In terms of market shares, French films accounted for 40.8 % of cinema admissions in 2021, as opposed to the 42.4 % enjoyed by American productions and 16.8 % by feature films from other countries.

American productions dominated France’s 2021 box-office podium, thanks to Spider-Man: No Way Home (5.6 million admissions), No Time to Die [+see also:
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(4 million) and Dune [+see also:
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(3.1 million), while three French feature films stand out in the year’s Top 10: Kaamelott – First Instalment [+see also:
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by Alexandre Astier (4th place -  2.64 million admissions), The Stronghold [+see also:
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by Cédric Jimenez (6th – 2.2 million) and Les Tuche 4 by Olivier Baroux (7th - 2 million).

In total, nine French films exceeded the one-million-admissions mark, including OSS 117: From Africa With Love [+see also:
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by Nicolas Bedos (14th place – 1.6 million), The Bodin’s in the Land of Smile by Frédéric Forestier (15th – 1.54 million), Eiffel [+see also:
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by Martin Bourboulon (16th – 1.46 million), Aline, The Voice of Love [+see also:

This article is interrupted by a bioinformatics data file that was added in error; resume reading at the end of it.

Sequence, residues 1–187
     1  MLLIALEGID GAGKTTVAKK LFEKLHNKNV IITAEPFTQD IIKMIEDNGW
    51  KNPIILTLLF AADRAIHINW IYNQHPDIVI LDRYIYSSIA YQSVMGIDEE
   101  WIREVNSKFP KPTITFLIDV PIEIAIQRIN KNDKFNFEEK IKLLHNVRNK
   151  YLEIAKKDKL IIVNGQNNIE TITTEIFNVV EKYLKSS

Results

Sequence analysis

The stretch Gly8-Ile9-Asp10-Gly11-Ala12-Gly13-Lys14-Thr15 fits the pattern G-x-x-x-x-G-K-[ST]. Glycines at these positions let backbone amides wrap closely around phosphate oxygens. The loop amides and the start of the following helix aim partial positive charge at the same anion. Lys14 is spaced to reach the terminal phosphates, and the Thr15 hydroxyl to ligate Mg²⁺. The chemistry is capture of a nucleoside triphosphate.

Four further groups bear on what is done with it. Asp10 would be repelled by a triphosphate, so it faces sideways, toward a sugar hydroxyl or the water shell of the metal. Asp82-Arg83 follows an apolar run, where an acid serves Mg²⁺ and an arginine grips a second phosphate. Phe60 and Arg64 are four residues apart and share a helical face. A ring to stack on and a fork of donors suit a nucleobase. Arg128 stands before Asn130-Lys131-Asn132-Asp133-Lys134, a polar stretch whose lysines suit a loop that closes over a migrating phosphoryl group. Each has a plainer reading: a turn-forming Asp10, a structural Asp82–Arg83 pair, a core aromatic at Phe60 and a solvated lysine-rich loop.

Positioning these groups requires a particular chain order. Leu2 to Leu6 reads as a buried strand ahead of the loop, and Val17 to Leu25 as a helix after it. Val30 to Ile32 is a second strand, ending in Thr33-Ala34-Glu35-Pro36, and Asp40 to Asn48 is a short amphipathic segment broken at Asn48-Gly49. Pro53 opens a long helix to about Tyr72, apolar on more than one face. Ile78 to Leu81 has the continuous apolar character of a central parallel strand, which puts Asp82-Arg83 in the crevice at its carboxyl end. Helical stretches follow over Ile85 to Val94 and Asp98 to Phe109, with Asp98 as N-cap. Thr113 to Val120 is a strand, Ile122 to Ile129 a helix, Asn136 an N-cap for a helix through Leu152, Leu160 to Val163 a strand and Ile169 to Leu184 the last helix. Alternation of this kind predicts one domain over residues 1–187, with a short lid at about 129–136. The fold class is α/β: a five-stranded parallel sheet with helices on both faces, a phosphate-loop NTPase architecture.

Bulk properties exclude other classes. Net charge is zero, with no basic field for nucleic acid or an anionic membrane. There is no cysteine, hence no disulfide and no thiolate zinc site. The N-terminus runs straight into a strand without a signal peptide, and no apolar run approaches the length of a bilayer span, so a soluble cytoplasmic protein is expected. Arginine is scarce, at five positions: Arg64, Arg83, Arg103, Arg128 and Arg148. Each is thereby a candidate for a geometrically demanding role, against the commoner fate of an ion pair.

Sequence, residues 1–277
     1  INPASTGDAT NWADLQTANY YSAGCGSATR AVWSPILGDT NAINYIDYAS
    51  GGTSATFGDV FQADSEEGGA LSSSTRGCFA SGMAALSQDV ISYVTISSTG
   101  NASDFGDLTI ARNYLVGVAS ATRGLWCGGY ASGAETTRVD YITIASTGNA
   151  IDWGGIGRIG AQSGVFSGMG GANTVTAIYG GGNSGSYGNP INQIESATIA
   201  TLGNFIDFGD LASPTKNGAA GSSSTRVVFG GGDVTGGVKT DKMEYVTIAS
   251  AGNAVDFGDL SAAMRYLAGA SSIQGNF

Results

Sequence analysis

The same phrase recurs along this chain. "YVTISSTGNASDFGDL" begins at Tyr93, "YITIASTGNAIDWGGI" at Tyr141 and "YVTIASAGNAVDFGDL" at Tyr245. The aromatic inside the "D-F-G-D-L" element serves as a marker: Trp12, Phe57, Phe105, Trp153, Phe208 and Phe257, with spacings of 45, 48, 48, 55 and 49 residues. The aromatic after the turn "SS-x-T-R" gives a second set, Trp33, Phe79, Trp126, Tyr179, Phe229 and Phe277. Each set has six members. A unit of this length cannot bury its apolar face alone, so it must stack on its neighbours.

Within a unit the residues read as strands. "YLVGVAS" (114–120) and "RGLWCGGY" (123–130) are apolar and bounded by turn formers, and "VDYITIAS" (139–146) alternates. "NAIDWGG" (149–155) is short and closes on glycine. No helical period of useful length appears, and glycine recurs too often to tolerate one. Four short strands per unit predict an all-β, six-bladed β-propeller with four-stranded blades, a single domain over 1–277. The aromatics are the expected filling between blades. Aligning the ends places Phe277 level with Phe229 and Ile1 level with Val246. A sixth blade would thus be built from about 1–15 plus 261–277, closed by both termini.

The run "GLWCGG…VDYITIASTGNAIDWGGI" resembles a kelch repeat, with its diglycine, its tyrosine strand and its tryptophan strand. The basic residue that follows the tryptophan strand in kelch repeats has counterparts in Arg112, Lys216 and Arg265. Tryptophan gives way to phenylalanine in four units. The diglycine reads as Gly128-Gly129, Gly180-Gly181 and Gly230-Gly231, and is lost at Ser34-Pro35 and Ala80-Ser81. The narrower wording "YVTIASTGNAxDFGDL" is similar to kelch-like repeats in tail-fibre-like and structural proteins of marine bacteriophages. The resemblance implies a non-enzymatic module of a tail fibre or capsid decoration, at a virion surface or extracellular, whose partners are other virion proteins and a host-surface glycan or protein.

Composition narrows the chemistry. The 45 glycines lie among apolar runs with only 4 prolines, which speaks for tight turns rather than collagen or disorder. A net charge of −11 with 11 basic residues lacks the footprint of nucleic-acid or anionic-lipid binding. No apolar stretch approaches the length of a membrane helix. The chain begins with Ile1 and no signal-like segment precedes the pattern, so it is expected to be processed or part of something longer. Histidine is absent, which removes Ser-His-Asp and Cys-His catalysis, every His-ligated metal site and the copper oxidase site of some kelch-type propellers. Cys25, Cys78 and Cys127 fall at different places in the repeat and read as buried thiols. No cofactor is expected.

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by Valérie Lemercier (20th – 1.28 million), Black Box [+see also:
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by Yann Gozlan (21st – 1.18 million) and The Wolf and the Lion [+see also:
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by Gilles de Maistre (22nd – 1.16 million).

Other French productions’ results worth mentioning are those of Xavier Giannoli’s Lost Illusions [+see also:
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(22nd – 803,000), Paul Verhoeven’s Benedetta [+see also:
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(326,000 entrées), Julia Ducournau’s Palme d’Or winner Titane [+see also:
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(303,000), Marie Amiguet and Vincent Munier’s documentary The Velvet Queen [+see also:
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(302,000 since its release on 15 December), Leos Carax’s Annette [+see also:
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(283,000), Catherine Corsini’s The Divide [+see also:
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(265,000), François Ozon’s Everything Went Fine [+see also:
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(255,000), Patrick Imbert’s animated title The Summit of the Gods [+see also:
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(203,000) and Jacques Audiard’s Paris, 13th District [+see also:
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(182,000).

The category of non-national European feature films is dominated by Florian Zeller’s majority British production The Father [+see also:
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(38th – 586,000) and Parallel Mothers [+see also:
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by Spanish director Pedro Almodóvar (41st – 548,000). Likewise worth a mention are The Worst Person in the World [+see also:
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by Norway’s Joachim Trier (202,000), the animated film Wolfwalkers [+see also:
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by the Irish duo Tomm Moore and Ross Stewart (184,000), and Compartment N°. 6 [+see also:
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interview: Juho Kuosmanen
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by Finland’s Juho Kuosmanen (154,000).

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(Translated from French)